These objects have become fetishized.
Like something from a textbook on accounting there are many charts and graphs. One set of graphs in particular we are still attempting to decipher and profit from, concerns itself with the various product differences among the various record manufacturing plants. One informational category here reads that certain printing variations are only “suspected” of existing. Production numbers are discussed—in the dual sense of the word. The article on the acetate and its manufacture, along with its breakdown of the disc manufacturing process altogether, is clearly written. Differences, some minute, found in the construction of a pasteboard LP record jacket (With a slick? Image printed directly on the pasteboard? How wide is the slick overlap on the inside of the cover?) fascinate; the constant reminders to beware of counterfeit discs underscores the fact that there lurk throughout the hobby exploiters and confidence-folk** intrigue; and even though the book falls outside of the world market (imagine the seemingly uncountable variants known or suspected available there!), the number of different American labels and the quantity of variations among them astound. The various tape formats are listed, as are all of the Apple recordings from all of the label’s artists, and Pete Best, the unluckiest drummer in pop history, is remembered and duly catalogued.
Storage tips are given: Don’t forget to change your protective plastic outer sleeves every three years to avoid long-term chemical reactions. Separate the disc from the picture sleeve to avoid ring wear.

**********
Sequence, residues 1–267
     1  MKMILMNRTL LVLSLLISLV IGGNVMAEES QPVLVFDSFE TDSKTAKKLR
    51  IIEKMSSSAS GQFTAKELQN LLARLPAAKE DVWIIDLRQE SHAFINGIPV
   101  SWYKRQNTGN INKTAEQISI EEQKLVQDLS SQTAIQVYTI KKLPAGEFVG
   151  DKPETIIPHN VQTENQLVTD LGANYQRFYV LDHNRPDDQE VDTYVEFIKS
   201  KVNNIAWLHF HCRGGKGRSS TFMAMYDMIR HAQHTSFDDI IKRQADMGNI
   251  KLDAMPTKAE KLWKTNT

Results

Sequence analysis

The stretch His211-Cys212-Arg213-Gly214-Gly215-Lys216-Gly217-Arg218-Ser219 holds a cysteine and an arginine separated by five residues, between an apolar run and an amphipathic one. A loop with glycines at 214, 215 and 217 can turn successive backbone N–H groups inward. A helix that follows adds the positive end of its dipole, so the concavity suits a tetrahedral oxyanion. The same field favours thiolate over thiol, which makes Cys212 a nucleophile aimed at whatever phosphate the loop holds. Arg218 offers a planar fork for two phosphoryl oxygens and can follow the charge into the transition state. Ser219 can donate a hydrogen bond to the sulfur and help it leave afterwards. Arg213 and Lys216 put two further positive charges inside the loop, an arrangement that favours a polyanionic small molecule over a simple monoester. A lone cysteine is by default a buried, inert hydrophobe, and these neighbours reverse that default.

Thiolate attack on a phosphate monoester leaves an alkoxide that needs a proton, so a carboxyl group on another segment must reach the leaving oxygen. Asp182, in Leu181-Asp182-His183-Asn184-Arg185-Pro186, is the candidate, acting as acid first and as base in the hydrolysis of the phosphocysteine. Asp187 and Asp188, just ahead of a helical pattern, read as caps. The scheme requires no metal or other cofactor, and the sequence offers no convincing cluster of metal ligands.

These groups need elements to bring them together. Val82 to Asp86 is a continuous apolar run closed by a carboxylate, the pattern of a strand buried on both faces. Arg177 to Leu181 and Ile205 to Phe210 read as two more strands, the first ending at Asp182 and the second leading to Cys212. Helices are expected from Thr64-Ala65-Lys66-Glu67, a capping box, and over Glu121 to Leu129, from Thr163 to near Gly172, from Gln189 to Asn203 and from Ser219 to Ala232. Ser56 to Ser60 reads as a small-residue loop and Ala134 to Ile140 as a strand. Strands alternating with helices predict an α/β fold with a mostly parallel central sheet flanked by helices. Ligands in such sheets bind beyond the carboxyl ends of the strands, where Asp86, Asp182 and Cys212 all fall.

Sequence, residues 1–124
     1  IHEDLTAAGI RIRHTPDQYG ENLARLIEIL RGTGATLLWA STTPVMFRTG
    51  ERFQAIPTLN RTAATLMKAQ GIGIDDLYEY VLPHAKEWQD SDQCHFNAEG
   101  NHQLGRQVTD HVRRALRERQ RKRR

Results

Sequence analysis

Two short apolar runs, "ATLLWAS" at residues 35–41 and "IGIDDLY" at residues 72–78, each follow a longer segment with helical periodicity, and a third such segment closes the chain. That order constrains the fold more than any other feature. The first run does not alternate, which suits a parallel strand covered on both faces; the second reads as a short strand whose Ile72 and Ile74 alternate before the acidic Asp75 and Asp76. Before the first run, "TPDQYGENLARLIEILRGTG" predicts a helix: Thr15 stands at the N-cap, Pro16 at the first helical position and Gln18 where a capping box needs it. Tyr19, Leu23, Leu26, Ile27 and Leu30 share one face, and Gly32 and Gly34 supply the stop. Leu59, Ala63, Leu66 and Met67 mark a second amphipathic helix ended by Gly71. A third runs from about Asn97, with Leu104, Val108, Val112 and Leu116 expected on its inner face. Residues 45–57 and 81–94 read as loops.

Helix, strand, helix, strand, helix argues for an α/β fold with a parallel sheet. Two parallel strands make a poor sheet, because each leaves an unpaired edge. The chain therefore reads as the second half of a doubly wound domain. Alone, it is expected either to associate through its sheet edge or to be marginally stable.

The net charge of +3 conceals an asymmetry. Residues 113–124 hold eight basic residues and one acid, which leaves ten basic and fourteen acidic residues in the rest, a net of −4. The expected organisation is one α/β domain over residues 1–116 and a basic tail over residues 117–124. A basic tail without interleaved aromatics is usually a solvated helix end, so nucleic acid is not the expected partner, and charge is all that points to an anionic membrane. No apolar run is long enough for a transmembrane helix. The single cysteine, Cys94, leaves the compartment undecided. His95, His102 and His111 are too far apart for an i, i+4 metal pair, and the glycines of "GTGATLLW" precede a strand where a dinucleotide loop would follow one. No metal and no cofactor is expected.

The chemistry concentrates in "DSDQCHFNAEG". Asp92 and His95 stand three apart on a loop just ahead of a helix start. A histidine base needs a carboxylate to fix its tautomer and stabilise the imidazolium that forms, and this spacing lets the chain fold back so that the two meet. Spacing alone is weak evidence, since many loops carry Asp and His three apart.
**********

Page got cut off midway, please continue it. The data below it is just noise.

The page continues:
This newest edition, the 6th, is of better quality than the previous editions, at least in the layout and the graphics of the book. All pages are in color, the previous editions having a central color section only. The heart of the book, the many pages of categorization, shows the sure hand of graphic artist Diana Thorton. Throughout, the book looks good. The front endpapers show a grouping of 45 RPM picture sleeves, the back endpapers show the albums. The front and back covers (there is no dust jacket) could be less busy. It is disappointing that the book’s outside is not quite as neat and attractive as the inside pages.
Getting back to the continuum, this book can be appreciated by even those who do not own even one phonograph record, as it makes for hours of contented browsing. And, as is its function, it fulfills the needs of any collector, no matter where she/he may fall along the continuing line. Cox and Daniels offer examples of detail and ephemera to satisfy any level of interest for anyone anywhere on that line. As always, we honor the daunting task of research, the sheer physical work of it all; the whip of accuracy; the raw joy Cox and Daniels, along with their brother-in-arms Bruce Spizer (who wrote the Foreword), must surely feel when finding something new or when locking down that final proof to dispel a pointed scholarly disputation. Yeah (three times).
Copyright 2016, Bill Wolf (speedreaders.info)
* On some of The Ronnettes discs, Phil Spector had inscribed “Phil-plus-Ronnie” in the space surrounding the runout groove.
** Lets just beg the question as to why a disc so well counterfeited that only a detail-driven expert can tell the difference between it and the real thing is generally of lesser value than the real thing. And, to confuse matters, what if the counterfeited ones were far more rare than the authentic disc? As collectors often, especially those far into OCD overdrive, value scarcity, this situation would be confounding: Authenticity or Paucity? Like looking at a picture hung askew of the Leaning Tower of Pisa.